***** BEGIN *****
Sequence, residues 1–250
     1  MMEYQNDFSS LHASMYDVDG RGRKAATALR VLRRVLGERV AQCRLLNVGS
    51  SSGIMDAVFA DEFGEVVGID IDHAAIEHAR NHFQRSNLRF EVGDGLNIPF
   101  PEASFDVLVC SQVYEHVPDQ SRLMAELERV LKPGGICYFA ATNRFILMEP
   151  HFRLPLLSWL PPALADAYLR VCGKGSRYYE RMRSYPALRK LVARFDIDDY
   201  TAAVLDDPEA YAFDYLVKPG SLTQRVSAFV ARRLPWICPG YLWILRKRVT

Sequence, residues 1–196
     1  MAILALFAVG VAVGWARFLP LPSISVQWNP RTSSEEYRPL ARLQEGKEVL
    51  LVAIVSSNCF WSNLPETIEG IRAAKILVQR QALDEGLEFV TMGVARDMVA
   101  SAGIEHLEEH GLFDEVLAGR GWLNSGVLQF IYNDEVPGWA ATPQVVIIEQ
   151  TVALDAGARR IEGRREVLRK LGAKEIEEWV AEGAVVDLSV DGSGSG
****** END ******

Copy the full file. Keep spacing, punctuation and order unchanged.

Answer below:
Sequence, residues 1–250
     1  MMEYQNDFSS LHASMYDVDG RGRKAATALR VLRRVLGERV AQCRLLNVGS
    51  SSGIMDAVFA DEFGEVVGID IDHAAIEHAR NHFQRSNLRF EVGDGLNIPF
   101  PEASFDVLVC SQVYEHVPDQ SRLMAELERV LKPGGICYFA ATNRFILMEP
   151  HFRLPLLSWL PPALADAYLR VCGKGSRYYE RMRSYPALRK LVARFDIDDY
   201  TAAVLDDPEA YAFDYLVKPG SLTQRVSAFV ARRLPWICPG YLWILRKRVT

Sequence, residues 1–196
     1  MAILALFAVG VAVGWARFLP LPSISVQWNP RTSSEEYRPL ARLQEGKEVL
    51  LVAIVSSNCF WSNLPETIEG IRAAKILVQR QALDEGLEFV TMGVARDMVA
   101  SAGIEHLEEH GLFDEVLAGR GWLNSGVLQF IYNDEVPGWA ATPQVVIIEQ
   151  TVALDAGARR IEGRREVLRK LGAKEIEEWV AEGAVVDLSV DGSGSG